What Happens In A Misdemeanor Case

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Not every step is taken in every case. In fact, many cases are resolved before they reach trial. Even so, you may wish to know all the steps that the case in which you are involved might go through. If you have any questions about the steps involved in a misdemeanor case, ask your Right Law Group Lawyer to explain them to you.

1. Initiating Charges by Criminal Complaints, Summons, or by Arrest Very often misdemeanor cases begin with the law enforcement officer issuing a summons. The summons describes the charge against the defendant and gives a date for the person to appear in court. If someone fails to go to court on the date listed on the summons, a warrant will issue for the person failing to appear. Some misdemeanor cases begin when the District Attorney, working with a law enforcement officer, files a criminal complaint before a Judge. This complaint is a statement, under oath, of facts sufficient to support probable cause to believe that an offense against the laws Colorado has been committed by a defendant. If the Judge accepts the complaint, a summons or arrest warrant will be issued for the defendant. In some cases, the defendant may have been arrested without a warrant, in which case the defendant is required to appear before a Judge and the DA will give the defendant the charges in court.

2. The Initial Appearance This is a defendant's first hearing after being arrested or summoned to court. It takes place before a County Court Judge. Usually this hearing is held within a few days of the arrest if the person is arrested. If the person is given a summons for this date, the first appearance can be weeks or even months after the summons is issued. Witnesses are not needed for testimony at this hearing. The hearing has three purposes. First, the defendant is told his or her rights and the charges are explained. Second, the defendant is assisted in making arrangements for legal representation, by appointment of an attorney by the court, if they have not already done so. Third, the court determines if the defendant can be safely released on bail if the person was arrested and being held in jail.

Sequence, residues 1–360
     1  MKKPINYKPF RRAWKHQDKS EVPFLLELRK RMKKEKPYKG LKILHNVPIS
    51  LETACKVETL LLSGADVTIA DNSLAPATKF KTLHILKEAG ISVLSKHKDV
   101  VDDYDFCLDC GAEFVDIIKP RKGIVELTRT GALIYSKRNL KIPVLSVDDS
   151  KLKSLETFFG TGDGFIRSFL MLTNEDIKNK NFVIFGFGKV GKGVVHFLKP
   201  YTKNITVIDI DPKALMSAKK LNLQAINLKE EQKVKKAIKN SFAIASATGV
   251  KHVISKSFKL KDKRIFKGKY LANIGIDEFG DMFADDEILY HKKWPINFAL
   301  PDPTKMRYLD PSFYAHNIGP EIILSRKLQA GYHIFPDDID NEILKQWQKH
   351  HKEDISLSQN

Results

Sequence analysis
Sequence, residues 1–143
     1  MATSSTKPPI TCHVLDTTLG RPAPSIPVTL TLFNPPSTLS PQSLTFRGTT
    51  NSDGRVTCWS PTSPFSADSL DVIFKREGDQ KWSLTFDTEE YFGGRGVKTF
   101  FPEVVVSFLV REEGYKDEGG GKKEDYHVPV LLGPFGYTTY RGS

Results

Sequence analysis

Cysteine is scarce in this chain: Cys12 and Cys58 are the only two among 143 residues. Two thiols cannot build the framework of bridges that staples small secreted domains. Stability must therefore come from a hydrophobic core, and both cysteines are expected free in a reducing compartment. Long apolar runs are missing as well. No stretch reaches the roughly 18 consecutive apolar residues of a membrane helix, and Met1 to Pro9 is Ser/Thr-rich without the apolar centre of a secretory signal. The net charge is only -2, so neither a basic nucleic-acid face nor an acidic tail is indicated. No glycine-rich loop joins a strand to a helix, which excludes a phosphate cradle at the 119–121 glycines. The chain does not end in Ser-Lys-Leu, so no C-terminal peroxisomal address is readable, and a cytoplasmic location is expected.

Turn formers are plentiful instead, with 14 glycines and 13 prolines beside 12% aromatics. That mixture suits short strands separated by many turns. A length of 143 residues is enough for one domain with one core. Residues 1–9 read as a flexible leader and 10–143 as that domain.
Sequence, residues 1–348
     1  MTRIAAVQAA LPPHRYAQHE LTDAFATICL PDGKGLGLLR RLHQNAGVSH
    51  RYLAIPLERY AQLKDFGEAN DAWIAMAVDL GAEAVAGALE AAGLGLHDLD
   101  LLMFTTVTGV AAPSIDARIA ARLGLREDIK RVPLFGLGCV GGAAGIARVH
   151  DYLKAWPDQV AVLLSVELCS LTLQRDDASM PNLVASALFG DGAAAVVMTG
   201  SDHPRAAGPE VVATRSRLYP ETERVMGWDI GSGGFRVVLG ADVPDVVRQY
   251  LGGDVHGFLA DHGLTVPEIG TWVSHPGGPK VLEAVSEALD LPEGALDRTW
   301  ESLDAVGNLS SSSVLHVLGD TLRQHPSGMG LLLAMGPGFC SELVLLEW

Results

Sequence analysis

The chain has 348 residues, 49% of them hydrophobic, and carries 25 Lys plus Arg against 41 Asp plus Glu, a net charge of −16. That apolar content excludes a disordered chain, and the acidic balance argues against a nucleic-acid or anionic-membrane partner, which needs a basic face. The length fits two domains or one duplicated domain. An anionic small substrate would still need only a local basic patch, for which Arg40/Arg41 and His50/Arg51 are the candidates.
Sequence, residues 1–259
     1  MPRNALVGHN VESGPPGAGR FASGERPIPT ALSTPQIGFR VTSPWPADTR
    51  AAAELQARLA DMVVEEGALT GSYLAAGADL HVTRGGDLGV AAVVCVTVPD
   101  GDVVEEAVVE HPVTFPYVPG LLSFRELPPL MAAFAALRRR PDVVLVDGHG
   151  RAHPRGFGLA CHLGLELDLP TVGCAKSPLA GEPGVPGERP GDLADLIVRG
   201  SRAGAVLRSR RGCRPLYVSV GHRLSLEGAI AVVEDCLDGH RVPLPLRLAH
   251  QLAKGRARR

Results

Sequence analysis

3. Pre-Trial This is a date at which the defense and prosecution discuss the case and make a decision on whether they will be negotiating a plea offer or whether the case will be set for trial. Usually when someone is represented by an attorney, they do not have to do anything during this date other than appear. The Attorney will talk with the prosecutor about the facts of the case and try to negotiate a reasonable plea offer. If the parties cannot agree on a plea offer, then the attorneys will tell the court that they are setting the case for trial. When a case is set for trial, the defendant has the right to have their case tried within 6 months of setting the trial.

4. Hearings on Motions Before a trial, the court may hear motions made by the defendant and his/her defense attorney or the District Attorney. These may include motions to suppress evidence, to compel discovery, or to resolve other legal questions. In most cases, lay witnesses are not needed at the motions hearing. Generally the District Attorney only subpoenas law enforcement witnesses if any at all. If a witness is needed at this hearing, (s)he will receive a notice from the District Attorney Office or the Defense depending on who is requesting that witness's appearance.